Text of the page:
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The Time a Stranger Left a Post-It for Me at My Daughter’s Hospital

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My twins, Reid and Madeleine, were born prematurely at 25 weeks gestation after a difficult and much-too-short pregnancy. They weighed less than 2 pounds each, couldn’t breathe on their own and couldn’t even open their eyes.

It was scary and heartbreaking and terrifying, and things seemed to go from bad to worse – my son had a heart murmur that almost needed surgery, and then my daughter developed a brain bleed that absolutely did (twice). There isn’t a day that goes by that I don’t think about what happened to us, about the pain and suffering and endless worry.

But some days I think about other things, too. Some days I think about Janice.

The days leading up to Madeleine’s first brain surgery were almost certainly the most difficult days of my life so far. I was ill-prepared, and I didn’t know quite how bad things were. We were in a new hospital, different from the one I’d given birth in that I had come to think of as the babies’ “home,” and I felt unwelcome, unfamiliar, like I was always getting in the way. And of course, I was scared to death that something might happen to my beautiful, amazing, sick little girl, who I loved beyond words, even though we still technically weren’t supposed to meet for another two months.

In the new hospital, parents had to leave the room during shift change and rounds, which pushed my already-overly-emotional self over the edge each day. Twice a day, I would mope to the cafeteria, sit down at a table by myself, and burst into tears.

During one of those shift change mopes, a woman approached me.

“I hope you don’t mind me coming over here, but no one in this hospital should be left to sit and cry on their own. Would it be OK if I sat down?”

I learned that her name was Janice, and that she was there with her husband and 10-year-old daughter, who needed surgery to correct her scoliosis. She asked about Madeleine, and I told her the entire story, breathlessly, from beginning to end. It was the first time I’d ever shared it completely with a stranger.

Janice sat with me for a long while, letting me tell her all the little details about what I’d been through over the past month. In truth, I don’t remember a lot from that conversation, but I do know that she taught me two incredibly valuable lessons that day that I try to remember whenever I have the chance to meet another human being who feels like their entire life is falling to pieces around them.

The first is that they need to talk, and they need to be heard. I so desperately needed to vomit out the story of what happened to me, about what happened to my children, about what I had lost, what I was afraid of, and how much I still loved my babies with all my heart despite everything that had gone wrong up to that point. I needed someone to try to understand, to have empathy, to listen without judgment.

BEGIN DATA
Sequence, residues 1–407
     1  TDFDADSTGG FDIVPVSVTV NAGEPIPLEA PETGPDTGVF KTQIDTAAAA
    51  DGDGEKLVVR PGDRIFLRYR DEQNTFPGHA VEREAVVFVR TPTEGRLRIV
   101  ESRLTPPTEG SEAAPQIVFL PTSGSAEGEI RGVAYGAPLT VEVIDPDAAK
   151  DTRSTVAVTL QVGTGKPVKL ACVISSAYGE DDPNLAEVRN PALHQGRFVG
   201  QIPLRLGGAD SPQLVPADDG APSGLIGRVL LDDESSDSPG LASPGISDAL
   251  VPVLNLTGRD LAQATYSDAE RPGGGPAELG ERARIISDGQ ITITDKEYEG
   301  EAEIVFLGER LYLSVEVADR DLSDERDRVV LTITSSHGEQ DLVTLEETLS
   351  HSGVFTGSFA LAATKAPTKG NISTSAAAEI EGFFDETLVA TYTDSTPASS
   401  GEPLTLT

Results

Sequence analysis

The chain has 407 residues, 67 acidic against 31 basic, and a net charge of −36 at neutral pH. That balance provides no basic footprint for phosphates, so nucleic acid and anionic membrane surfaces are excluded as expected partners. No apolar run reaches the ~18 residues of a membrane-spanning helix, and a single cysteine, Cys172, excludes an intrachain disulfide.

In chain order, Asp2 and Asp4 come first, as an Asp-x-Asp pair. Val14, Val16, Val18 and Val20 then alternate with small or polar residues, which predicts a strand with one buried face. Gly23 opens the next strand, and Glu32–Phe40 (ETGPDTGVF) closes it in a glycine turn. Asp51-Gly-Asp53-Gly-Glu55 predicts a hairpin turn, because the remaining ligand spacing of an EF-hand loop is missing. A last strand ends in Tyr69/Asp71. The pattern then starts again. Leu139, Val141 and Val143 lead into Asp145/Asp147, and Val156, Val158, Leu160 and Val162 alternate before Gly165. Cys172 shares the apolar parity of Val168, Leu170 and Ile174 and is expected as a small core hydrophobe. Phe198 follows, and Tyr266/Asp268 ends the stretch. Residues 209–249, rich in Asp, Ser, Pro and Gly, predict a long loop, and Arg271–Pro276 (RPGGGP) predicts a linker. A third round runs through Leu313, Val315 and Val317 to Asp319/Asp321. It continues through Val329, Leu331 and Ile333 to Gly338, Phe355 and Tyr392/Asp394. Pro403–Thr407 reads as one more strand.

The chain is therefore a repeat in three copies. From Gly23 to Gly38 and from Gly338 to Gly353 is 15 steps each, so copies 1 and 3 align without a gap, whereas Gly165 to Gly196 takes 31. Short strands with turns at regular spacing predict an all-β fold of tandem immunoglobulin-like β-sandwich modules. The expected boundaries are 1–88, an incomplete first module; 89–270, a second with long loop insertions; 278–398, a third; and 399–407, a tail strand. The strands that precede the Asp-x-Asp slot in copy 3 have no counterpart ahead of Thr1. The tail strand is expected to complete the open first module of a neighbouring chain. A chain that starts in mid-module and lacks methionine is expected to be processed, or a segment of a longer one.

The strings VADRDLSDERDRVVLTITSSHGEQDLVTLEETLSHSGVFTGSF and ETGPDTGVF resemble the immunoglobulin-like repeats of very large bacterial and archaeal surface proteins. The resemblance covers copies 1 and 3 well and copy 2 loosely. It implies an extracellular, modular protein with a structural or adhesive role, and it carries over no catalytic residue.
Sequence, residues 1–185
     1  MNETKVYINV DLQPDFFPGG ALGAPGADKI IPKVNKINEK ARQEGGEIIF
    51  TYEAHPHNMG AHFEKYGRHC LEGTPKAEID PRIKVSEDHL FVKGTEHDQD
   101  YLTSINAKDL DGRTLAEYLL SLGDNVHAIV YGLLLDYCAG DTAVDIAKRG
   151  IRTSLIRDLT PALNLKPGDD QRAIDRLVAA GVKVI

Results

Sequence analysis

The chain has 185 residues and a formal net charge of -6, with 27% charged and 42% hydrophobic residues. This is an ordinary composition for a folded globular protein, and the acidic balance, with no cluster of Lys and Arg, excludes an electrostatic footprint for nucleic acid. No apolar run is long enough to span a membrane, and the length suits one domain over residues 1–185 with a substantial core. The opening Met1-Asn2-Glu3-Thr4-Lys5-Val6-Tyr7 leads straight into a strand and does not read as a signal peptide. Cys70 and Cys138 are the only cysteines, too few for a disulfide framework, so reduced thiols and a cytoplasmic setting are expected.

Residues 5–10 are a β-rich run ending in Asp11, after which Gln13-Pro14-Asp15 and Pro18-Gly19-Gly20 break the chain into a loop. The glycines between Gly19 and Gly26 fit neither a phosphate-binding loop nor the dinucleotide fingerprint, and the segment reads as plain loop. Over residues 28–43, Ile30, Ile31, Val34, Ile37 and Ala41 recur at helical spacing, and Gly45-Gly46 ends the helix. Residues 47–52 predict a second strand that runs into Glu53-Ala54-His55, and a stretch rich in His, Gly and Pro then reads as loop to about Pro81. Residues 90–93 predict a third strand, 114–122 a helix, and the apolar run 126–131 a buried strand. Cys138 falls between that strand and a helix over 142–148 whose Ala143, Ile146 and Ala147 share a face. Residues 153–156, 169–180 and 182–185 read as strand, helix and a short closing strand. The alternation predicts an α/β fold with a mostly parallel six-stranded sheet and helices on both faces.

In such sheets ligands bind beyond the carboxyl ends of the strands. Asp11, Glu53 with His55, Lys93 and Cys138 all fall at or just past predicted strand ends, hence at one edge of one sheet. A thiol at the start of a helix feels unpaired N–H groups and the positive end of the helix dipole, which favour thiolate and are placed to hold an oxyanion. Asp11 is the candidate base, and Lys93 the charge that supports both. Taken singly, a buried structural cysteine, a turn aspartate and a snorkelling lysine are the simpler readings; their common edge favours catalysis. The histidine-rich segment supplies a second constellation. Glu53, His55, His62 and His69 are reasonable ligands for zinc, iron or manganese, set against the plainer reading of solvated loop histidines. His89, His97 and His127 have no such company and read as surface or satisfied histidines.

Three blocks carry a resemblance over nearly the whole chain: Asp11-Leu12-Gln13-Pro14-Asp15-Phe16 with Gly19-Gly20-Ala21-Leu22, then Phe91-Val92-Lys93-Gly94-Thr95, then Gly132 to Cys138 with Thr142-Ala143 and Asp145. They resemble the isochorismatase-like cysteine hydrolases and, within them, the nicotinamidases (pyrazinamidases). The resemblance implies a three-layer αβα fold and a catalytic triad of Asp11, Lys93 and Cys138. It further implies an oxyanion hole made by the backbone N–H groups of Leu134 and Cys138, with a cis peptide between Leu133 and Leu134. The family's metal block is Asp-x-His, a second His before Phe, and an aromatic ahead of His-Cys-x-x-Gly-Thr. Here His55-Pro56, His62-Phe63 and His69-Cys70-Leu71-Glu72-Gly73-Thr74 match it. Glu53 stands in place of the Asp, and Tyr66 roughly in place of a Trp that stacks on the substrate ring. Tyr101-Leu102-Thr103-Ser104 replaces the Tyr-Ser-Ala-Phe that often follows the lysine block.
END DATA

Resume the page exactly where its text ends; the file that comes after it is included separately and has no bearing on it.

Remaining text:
I needed someone to tell me that it was OK to feel this way. That it was OK to be terrified and want to scream and cry and beg the Universe to somehow make everything magically OK. Janice gave me all of these things, freely, expecting nothing in return.

The second is that I needed to be reminded that in no way did I have to go through this alone. I thought I’d be fine, I thought I could handle it, but that day, in that cafeteria, I couldn’t. I had people, but I didn’t think I needed them to be there. Janice knew better.

“You need to call someone. Who do you know who will come down here right now and be with you? I’ll call them for you if you’d like, and I’ll sit here until they arrive. Trust me, if they love you, they will be happy that you called.”


The next day, after I’d been picked up and taken home the night before by a girlfriend I called at Janice’s insistence, I headed back to the hospital. As I was making my way to Madeleine’s room, the girl at the front desk stopped me.

“Are you Madeleine’s mom?” she asked. “It looks like you made quite the impression on somebody yesterday.”

She handed me a large paper Starbucks cup full of coffee, with a yellow Post-It note stuck to the side. “She dropped it off early this morning and it’s cold now, but I just had to hold onto it until you got here so that you could see it.”

I’ve kept that note on my fridge ever since.

“Alana, Hope today’s a better one. Love, Janice.”

The Mighty is asking its readers the following: Describe the moment a stranger — or someone you don’t know very well — showed you or a loved one incredible love. No gesture is too small! If you’d like to participate, please send a blog post to Please include a photo for the piece, a photo of yourself and 1-2 sentence bio.

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Originally published: April 10, 2015
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